Health Department alerts parents of influenza
HANCOCK — Robert Van Howe, M.D., interim medical director for the Western U.P. Health Department, sent a letter to local school districts to be emailed to parents of students, including Hancock Public Schools. The letter contains important information regarding flu symptoms and recommendations for prevention, as well as cautions to parents.
Van Howe stated in the letter that with influenza season in full swing, the Health Department is receiving reports of increasing numbers of cases throughout the state and in the Upper Peninsula.
Influenza, the letter cautions, is a highly contagious viral infection that is spread by direct person-to-person contact, and through the air. Symptoms of influenza may include: high fever (may spike to over 104 degrees); dry cough; severe muscle aches or unwillingness to move; headache; glassy eyes; some may have vomiting, stomachache, or diarrhea, but most do not.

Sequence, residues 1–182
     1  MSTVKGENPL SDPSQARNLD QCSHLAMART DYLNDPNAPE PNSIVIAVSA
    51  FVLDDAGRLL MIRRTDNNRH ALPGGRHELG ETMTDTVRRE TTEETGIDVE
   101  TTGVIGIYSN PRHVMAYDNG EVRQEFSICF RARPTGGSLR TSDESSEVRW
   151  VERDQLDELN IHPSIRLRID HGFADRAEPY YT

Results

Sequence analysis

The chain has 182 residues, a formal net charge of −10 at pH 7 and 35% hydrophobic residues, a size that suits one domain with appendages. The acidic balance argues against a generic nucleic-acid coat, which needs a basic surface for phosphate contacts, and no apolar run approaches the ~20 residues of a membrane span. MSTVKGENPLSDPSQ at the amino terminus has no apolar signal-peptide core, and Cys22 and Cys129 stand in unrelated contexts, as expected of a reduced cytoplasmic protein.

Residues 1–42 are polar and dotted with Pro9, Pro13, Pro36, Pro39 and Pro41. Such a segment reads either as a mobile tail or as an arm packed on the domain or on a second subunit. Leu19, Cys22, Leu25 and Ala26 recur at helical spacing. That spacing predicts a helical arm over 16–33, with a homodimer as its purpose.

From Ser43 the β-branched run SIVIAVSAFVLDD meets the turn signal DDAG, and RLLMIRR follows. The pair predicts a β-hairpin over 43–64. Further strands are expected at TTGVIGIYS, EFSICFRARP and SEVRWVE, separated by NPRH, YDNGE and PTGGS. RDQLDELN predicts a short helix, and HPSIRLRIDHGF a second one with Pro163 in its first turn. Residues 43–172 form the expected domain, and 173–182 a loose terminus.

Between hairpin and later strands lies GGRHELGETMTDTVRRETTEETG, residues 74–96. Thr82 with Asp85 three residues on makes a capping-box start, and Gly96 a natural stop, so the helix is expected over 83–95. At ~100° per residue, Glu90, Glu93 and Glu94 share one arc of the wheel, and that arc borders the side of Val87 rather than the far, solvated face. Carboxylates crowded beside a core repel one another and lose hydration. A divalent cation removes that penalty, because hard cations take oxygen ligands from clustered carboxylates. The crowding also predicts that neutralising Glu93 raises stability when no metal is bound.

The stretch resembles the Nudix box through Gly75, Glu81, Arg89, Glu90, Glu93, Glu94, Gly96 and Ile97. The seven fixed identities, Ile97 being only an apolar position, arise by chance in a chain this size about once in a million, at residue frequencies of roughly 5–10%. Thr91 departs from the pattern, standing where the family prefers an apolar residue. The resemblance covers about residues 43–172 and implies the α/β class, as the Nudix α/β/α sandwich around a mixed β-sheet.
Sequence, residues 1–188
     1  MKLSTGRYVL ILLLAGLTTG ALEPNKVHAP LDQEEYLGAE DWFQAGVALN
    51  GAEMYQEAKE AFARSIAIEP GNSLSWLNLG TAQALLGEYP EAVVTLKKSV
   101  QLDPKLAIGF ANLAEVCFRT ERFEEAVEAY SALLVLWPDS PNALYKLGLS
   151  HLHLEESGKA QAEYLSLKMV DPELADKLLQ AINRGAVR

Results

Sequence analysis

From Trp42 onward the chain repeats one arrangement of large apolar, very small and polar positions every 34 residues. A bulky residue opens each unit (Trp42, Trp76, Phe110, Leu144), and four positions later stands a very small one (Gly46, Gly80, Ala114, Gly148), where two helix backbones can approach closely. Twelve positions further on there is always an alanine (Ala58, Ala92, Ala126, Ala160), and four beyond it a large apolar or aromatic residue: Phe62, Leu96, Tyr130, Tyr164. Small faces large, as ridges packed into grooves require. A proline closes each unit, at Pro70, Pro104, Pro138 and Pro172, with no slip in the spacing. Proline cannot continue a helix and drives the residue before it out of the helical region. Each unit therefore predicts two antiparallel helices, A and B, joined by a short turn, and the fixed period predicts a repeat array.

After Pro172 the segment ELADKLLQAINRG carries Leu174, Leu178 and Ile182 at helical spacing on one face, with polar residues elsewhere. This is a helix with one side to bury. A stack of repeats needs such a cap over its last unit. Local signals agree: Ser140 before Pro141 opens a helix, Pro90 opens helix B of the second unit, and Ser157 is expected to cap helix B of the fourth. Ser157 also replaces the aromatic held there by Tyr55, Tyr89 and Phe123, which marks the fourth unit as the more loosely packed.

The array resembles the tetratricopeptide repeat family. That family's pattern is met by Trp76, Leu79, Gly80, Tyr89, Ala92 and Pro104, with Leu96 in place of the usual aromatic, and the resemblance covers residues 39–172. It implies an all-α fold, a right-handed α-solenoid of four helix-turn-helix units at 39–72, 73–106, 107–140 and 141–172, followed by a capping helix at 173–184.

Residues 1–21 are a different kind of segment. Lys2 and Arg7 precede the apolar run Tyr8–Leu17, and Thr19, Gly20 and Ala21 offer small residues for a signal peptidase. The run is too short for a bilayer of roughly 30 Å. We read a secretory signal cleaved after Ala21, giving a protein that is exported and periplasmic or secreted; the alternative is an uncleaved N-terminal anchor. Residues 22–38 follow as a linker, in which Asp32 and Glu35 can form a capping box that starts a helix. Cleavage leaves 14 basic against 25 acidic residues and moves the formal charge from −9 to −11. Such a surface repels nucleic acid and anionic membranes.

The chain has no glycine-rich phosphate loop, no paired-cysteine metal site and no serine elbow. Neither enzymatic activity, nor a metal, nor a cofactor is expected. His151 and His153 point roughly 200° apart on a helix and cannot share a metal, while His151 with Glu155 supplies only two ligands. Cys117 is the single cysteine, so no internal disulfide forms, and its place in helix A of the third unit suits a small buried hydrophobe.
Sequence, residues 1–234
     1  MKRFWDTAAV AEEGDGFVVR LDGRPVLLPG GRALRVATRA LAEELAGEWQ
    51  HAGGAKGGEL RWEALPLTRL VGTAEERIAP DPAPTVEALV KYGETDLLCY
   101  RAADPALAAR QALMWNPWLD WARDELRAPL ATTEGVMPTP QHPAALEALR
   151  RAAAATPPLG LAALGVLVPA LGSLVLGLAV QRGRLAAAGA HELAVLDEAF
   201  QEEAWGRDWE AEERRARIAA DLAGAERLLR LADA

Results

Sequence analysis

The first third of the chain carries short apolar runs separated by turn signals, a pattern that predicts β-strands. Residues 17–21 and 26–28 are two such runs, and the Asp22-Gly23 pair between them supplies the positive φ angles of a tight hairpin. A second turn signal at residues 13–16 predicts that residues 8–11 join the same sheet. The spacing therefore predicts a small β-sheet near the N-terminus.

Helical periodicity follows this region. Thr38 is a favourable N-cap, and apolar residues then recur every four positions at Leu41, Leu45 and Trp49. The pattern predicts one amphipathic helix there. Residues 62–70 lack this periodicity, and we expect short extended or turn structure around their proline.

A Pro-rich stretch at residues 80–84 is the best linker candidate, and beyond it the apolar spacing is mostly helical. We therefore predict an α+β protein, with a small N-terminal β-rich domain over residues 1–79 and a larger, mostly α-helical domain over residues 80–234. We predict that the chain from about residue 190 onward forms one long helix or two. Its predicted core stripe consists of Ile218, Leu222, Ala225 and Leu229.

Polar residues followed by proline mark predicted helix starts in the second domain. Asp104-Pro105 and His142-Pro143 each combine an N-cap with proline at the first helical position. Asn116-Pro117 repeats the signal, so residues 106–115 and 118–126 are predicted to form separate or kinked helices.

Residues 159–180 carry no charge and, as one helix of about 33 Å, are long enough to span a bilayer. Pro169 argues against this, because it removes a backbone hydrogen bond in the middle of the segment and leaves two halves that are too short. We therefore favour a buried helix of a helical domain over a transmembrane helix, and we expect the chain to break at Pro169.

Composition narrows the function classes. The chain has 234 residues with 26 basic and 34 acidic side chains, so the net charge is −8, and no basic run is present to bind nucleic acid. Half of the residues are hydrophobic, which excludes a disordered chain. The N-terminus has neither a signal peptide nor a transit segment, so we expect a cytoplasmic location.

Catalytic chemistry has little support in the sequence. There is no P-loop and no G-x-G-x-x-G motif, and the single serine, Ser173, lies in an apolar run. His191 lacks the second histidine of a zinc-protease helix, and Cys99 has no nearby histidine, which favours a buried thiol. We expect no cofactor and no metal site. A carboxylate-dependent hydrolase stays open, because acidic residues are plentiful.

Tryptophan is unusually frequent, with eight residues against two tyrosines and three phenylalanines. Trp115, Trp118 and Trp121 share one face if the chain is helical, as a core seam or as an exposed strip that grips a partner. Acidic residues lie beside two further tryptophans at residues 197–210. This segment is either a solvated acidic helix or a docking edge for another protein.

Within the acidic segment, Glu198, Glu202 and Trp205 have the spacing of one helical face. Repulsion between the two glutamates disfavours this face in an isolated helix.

If a child has not developed influenza, and has not yet been vaccinated against it, it is not too late have him or her vaccinated, Howe stated. The good news, he stated, is that this year’s influenza vaccination covers the strains of flu that are currently circulating through the community.
Any child six months and older should be vaccinated, unless there is a medical contraindication.
Howe also cautioned that unvaccinated individuals are at a higher risk of developing disease if they are exposed, (and) they can spread the disease to others in their school and community.
Barkell Elementary School administrative assistant Tami Bessner said absenteeism is no higher this season than past seasons.
“I do the attendance,” she said, “and nothing crazy. You can’t say we’re all healthy, because that’s not true, either, but we don’t have that percentage of 25 percent gone in the district to close, or anything.”
Bessner said that if school absenteeism reaches or exceeds 25 percent across the entire school district, the schools then must close to prevent illness from spreading further.
“There’s always something from the first day of school to the last,” she said. “It used to be that January and February were flu season, but now, no. They start throwing up the first day, and continue to the last day of school.”